Last updated: July 18. 2013 7:38PM - 239 Views
Glenn Mollette

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My first wife, Karen was on Medicare and for two brief periods she was a Medicaid recipient. It’s strange how things in life turn out. Lyndon Johnson, The President who brought Medicare and Medicaid into existence is the one I waved to on the streets of Inez when I was about nine years old.

After fighting multiple sclerosis for about three years she knew her school teaching days were over. She applied for disabled Social Security benefits. The application and wait time for approval was about 18 months. Her monthly check from Social Security was $550. She also received her Medicare card. Previously she had lost her medical coverage. After she left her teaching position we bought into COBRA for several months but lost that because the insurance company was going through bankruptcy. The company folded and reorganized under a new name. In the process they dropped people like Karen who were going to be expensive to cover.

Losing health care insurance on the one person in the family who needed it was painful. My two sons and I could scrape the money together to buy health care insurance, but no insurance company would cover Karen due to her debilitating multiple sclerosis.

In many ways, Medicare was a lifesaver but most of the MS drugs weren’t covered. In 1994 one of her drugs cost us over $1,000 a month. Another drug cost over $1,200 a month. At the time my total salary as a pastor was about $36,000 a year. This included all benefits and perks. Saying we were stretched financially would be an understatement.

After battling the progressive disease for eight years Karen’s health had deteriorated to the point where she could not do anything. She could not feed herself. Her hands and head became very shaky. She could not walk. She couldn’t do anything. After a brief hospital stay she ended up in a nursing home for six months. That was six tough months as written about in my book, Nursing Home Nightmares, America’s Disgrace.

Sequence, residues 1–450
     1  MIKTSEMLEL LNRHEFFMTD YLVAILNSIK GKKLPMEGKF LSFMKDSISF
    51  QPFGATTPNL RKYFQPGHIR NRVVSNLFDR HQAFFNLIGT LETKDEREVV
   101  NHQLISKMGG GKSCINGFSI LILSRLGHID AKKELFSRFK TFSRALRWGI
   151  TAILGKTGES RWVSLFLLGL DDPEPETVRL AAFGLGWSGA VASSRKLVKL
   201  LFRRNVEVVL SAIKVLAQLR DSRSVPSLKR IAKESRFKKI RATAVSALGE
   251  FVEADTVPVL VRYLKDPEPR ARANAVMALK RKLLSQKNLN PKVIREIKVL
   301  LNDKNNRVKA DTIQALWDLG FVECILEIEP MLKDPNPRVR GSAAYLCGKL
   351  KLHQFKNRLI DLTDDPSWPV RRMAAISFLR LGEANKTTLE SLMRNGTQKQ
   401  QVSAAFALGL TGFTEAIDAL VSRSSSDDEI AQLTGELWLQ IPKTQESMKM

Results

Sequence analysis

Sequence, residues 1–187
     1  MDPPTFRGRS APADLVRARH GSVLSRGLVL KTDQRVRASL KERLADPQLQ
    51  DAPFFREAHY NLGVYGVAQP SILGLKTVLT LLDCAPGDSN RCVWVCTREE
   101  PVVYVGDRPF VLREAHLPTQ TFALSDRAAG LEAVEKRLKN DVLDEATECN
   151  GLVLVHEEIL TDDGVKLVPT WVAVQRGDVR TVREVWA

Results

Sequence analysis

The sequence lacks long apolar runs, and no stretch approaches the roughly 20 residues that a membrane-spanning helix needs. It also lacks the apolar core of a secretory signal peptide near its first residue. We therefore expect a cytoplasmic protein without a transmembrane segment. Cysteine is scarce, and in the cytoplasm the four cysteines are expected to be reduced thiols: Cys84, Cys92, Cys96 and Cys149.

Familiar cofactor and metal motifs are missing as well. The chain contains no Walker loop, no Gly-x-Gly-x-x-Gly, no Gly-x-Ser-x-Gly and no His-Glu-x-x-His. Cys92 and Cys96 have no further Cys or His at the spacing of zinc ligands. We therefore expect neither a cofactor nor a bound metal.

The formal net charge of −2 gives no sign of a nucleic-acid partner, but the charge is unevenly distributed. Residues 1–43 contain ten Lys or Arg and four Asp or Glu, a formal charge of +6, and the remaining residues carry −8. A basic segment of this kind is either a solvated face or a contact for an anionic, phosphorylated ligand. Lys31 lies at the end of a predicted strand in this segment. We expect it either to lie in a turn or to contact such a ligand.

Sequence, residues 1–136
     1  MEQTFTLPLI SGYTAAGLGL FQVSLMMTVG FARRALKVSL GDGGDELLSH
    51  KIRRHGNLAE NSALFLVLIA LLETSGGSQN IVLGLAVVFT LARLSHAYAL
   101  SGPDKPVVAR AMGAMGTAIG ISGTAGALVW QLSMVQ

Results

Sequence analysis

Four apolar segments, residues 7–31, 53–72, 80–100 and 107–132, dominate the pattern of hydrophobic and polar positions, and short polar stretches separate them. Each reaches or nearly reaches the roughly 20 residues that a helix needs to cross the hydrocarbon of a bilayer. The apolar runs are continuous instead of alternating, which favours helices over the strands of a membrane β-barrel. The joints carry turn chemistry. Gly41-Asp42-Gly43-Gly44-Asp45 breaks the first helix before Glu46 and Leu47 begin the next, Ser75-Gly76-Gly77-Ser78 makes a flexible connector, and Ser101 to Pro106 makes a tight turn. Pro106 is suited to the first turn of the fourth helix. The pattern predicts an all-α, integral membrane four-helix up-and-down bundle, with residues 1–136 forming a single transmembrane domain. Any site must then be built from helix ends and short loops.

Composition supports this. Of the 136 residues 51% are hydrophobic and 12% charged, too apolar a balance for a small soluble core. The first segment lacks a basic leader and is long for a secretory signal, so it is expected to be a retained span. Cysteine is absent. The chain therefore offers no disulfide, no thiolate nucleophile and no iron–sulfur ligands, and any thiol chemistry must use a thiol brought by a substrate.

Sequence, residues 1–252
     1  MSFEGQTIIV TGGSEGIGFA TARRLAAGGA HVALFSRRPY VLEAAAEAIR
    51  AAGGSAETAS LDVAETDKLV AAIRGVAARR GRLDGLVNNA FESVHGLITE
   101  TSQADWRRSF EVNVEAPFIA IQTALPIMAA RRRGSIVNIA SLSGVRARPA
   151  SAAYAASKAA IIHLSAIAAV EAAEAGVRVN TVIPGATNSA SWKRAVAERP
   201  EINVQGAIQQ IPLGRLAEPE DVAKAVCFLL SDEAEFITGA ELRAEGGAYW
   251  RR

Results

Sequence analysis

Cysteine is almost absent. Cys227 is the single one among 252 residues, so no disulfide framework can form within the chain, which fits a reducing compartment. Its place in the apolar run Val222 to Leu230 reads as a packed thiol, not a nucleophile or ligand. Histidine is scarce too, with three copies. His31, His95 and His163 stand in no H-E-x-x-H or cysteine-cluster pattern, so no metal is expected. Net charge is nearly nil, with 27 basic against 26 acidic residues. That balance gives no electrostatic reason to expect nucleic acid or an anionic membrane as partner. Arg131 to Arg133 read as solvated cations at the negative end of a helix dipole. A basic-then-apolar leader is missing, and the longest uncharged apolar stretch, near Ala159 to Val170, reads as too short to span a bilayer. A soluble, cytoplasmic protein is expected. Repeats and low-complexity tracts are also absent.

Medicare only covers a limited number of days in a nursing home. At the outset we did not know how long she would be in the nursing home. We applied for Medicaid. I didn’t know anything about it but I was encouraged by the nursing home staff to get Medicaid. I went to our local county social services office. This was the same office where people applied for food stamps and other forms of public assistance. Sitting in that office waiting my turn was not a great feeling. I had never asked for anything like this from the government before. The woman who worked with me was very helpful. Basically Karen would be the one going on Medicaid. We were paying on a house and making a car payment. We didn’t have any money stashed away, but we had lots of debt and now a $4,500 a month nursing home bill. This made us approvable for Medicaid.

After finally getting out of the nursing home, Karen went off Medicaid since we were no longer entitled to it. About 14 months later she would have to go back into a different nursing home for about the last 10 weeks of her life. I would once again go through the same paperwork application and interviews once again because Medicaid was our only hope of paying for her nursing home bills.

It was such a painful time for my sons and for me. However, millions of Americans have been there and done that or are doing it now.

The numbers are always changing but currently there are 44 million people on Medicare and another 40 million on Medicaid.